For obvious reasons — stomach tube, anyone? — most of the work on appetition and satiety has been done on rodents. But most experts believe the same processes operate in humans, too. The strongest evidence for this may come from what is, hands-down, the most reliable way of producing weight loss in obese people: gastric bypass surgery, in which doctors remove or bypass most of the stomach and the upper part of the small intestine, or duodenum. “The effects of bypass surgery are so profound that you can’t ignore them,” says Fiona Gribble, a clinical biochemist at the University of Cambridge. Most patients quickly lose the majority of their excess weight, and they keep it off. Moreover, blood sugar levels return to healthy levels in the vast majority of diabetic patients, even before they lose much weight.
What could be the cause of this? The duodenum contains a large population of nutrient-sensing cells, which are removed or bypassed during surgery. Sclafani thinks the loss may block appetition, so that people no longer feel any motivation to eat. Gribble, on the other hand, thinks bypass surgery’s success is more a matter of enhancing satiety. As evidence, she points to a newer form of the surgery known as sleeve gastrectomy, which does not remove or bypass the duodenum but merely narrows the stomach. “When you get rid of the stomach as a holding zone, everything whistles straight through,” she says. As a result, the meal makes it farther down the gut before being fully digested and absorbed. The lower portions of the intestines have more cells that secrete satiety hormones, and she thinks that processing food at this spot leads to higher levels of those hormones and therefore to satiety setting in more quickly.
Either way, nutrient sensors are almost certain to be involved, scientists think. And that opens the way for companies to develop drugs to blunt appetition or enhance satiety — essentially matching the effect of bypass operations without the need for this major surgery. “That would be huge,” says Glendinning. “Pharmaceutical companies would obviously pounce on that as a target for regulating intake.”
The gut as guardian
Occasionally, our digestive systems have to deal with problems that go beyond mere digestion. That potato salad could have sat out too long and begun to develop a nasty growth of pathogenic bacteria. In many parts of the world, even the water in your glass could be contaminated with protozoan parasites. When we encounter such pathogens, the gut is our first line of defense — and here, too, taste receptors seem to help sound the alert.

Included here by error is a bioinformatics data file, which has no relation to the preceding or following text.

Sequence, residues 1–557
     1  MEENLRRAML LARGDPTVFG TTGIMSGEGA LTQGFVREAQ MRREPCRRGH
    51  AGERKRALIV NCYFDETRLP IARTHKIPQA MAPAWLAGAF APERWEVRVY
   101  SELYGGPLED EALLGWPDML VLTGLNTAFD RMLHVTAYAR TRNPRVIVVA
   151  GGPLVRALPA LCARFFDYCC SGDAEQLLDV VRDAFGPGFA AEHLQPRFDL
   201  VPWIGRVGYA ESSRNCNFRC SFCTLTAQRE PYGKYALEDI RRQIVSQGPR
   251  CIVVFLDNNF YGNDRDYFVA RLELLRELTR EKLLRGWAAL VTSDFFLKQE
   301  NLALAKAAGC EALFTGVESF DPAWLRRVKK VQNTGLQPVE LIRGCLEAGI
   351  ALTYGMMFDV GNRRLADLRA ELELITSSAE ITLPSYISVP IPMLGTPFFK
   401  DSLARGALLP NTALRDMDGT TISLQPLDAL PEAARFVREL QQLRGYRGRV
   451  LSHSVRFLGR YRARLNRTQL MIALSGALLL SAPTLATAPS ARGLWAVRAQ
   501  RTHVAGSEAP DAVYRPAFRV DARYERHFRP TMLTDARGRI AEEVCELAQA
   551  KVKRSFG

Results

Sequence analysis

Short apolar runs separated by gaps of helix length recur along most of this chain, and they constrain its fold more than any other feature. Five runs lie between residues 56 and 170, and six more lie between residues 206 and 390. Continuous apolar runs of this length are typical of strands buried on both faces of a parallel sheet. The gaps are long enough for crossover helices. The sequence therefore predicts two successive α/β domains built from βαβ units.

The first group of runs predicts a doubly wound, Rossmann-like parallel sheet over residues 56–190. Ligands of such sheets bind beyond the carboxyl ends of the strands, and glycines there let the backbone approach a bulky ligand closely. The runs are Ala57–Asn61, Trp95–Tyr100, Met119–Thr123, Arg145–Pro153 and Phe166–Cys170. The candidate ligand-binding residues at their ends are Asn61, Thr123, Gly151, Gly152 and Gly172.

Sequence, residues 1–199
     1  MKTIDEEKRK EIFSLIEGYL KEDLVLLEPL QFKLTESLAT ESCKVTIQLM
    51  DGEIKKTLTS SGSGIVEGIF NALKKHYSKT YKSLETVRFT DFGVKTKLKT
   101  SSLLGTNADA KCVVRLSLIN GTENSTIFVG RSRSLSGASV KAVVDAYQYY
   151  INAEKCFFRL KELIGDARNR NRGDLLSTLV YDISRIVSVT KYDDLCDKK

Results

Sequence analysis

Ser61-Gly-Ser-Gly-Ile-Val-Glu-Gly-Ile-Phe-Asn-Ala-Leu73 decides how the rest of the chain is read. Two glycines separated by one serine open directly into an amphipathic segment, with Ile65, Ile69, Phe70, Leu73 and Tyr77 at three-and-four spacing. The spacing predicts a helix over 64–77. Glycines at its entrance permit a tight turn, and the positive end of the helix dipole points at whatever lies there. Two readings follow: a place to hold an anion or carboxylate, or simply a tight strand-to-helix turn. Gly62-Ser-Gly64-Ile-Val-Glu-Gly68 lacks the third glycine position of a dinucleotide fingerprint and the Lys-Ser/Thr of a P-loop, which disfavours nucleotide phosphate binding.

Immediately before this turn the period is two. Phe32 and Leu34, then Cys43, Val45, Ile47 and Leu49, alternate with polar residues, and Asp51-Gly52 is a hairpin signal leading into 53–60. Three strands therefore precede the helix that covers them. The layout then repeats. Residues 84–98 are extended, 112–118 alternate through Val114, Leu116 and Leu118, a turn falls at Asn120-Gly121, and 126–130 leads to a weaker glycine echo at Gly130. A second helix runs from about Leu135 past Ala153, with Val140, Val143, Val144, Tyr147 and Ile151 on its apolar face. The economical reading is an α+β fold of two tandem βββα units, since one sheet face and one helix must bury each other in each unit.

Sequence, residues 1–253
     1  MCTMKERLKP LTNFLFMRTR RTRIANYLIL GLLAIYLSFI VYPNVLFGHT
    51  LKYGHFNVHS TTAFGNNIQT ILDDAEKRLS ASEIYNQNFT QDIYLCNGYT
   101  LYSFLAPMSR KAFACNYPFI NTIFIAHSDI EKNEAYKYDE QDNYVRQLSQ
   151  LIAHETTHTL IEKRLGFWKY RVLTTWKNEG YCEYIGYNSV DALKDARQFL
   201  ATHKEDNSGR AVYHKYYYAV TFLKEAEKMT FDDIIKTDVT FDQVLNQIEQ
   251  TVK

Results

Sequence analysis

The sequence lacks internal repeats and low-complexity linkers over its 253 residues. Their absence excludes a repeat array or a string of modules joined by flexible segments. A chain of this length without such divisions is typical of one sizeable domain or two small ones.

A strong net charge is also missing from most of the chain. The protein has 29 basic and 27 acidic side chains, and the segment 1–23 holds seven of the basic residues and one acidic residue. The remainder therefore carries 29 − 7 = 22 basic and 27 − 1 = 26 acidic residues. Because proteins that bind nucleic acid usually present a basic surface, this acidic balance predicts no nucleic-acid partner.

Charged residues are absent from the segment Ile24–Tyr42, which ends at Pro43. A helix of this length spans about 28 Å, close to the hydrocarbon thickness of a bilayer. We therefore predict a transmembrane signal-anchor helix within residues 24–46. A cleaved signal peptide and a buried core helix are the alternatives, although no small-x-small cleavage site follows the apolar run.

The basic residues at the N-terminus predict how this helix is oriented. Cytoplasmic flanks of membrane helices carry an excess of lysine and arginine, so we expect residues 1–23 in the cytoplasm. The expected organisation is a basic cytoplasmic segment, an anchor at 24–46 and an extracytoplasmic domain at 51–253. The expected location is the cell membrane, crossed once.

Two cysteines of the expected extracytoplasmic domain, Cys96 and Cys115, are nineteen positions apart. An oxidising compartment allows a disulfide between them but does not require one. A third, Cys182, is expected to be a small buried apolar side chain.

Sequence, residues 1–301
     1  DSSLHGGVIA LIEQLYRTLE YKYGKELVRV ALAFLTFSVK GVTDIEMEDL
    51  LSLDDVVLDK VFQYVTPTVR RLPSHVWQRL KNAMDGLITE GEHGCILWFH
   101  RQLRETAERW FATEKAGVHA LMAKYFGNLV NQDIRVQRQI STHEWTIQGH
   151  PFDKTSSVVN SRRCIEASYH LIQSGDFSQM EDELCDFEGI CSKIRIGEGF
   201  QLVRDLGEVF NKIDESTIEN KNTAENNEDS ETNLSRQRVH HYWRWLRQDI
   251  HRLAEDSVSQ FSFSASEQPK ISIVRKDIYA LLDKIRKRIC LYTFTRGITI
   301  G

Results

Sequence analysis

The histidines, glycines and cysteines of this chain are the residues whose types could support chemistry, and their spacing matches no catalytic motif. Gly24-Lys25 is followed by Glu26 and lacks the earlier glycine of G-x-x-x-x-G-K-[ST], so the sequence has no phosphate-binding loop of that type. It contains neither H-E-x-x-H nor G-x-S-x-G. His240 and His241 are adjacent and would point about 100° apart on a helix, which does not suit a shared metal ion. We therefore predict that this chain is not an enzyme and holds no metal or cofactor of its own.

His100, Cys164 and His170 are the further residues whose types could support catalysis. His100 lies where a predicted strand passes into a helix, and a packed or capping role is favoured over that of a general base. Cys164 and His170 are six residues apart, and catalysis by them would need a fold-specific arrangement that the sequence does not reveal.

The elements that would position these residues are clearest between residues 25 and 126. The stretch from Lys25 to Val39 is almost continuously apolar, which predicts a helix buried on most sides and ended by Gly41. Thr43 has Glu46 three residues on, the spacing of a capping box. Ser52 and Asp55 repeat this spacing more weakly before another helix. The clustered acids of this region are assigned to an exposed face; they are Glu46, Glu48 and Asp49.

Many toxins, bacterial and otherwise, bind to bitter taste receptors. When this happens in the stomach, it holds back its contents, emptying them into the intestines more slowly. Lower down in the intestines, bitter receptors trigger mucus production, producing diarrhea that helps flush out toxins more quickly. Both responses reduce the time the threat spends in the small intestine, where it could be absorbed into the body.
Receptors in the gut also help alert the immune system to invading parasites, recent studies have shown. Ordinarily, the immune system maintains a balance between two sorts of immune response: a so-called type I inflammatory response that’s effective against viruses and bacteria, and a type II response that works against larger parasites. When researchers knocked out the ability of mouse gut cells to respond when their taste receptors were tickled, the altered animals were less able to mount a type II response. Instead, their inflammatory type I system kicked into overdrive. The relative lack of parasites in modern developed nations — and, hence, less stimulation to these receptors in the gut — may thus help explain some of the modern prevalence of inflammatory bowel diseases in people, says Hong Wang, a molecular biologist at Monell who led the study.
But it’s hard to tell which receptors are responsible for the shift, because sweet, umami and bitter receptors (and some other receptors as well) all use the same activation machinery once the signal enters cells. And Wang’s experiment knocked out this internal machinery — for all of them. Bitter receptors are the likeliest candidate, since they recognize the widest range of substances, not just nutrients. Another candidate is the receptor for succinate, a metabolite produced by bacteria and protozoans. It’s not exactly a taste receptor, but it operates through the same machinery, says Wang’s Monell colleague Peihua Jiang.
Clearly, researchers still have lots to learn about taste receptors, and other receptors, in the gut. Some researchers are now looking there for olfactory — smell — receptors, too, says Sandra Steensels, a biomedical researcher at Weill Cornell Medical College in New York. So far, only one thing seems certain: Whether you wolf down your holiday dinner or savor every mouthful, you’ll be tasting a lot more than you think.